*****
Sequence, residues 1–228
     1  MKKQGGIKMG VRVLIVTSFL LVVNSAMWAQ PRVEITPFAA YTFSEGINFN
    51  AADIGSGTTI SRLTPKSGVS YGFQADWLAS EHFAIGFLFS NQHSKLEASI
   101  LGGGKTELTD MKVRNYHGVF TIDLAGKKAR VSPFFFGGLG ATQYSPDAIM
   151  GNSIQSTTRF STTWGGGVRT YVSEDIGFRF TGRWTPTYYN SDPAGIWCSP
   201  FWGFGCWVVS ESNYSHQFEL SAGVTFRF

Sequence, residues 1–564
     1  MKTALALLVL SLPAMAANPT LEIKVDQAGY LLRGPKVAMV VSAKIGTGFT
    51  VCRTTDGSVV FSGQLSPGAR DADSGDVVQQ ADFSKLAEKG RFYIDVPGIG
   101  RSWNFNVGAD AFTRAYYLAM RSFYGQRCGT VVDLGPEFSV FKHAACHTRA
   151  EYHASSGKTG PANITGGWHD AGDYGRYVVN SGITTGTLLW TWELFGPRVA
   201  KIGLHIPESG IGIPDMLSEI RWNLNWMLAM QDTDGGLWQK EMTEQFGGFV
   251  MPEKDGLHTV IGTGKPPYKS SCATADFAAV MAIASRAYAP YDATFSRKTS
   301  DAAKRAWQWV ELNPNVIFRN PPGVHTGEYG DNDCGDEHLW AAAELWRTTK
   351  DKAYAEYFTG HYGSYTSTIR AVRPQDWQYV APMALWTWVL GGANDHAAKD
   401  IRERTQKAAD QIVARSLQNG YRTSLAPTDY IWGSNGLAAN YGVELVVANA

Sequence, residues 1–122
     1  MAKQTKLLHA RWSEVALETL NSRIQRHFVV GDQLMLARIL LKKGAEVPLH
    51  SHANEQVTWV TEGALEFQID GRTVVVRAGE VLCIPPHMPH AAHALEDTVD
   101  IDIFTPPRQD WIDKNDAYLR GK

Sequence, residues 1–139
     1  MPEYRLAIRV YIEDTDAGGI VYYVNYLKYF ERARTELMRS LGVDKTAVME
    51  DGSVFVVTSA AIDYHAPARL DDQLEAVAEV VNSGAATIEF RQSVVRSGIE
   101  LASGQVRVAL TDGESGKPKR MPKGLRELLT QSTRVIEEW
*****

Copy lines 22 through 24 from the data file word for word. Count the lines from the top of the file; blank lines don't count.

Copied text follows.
     1  MPEYRLAIRV YIEDTDAGGI VYYVNYLKYF ERARTELMRS LGVDKTAVME
    51  DGSVFVVTSA AIDYHAPARL DDQLEAVAEV VNSGAATIEF RQSVVRSGIE
   101  LASGQVRVAL TDGESGKPKR MPKGLRELLT QSTRVIEEW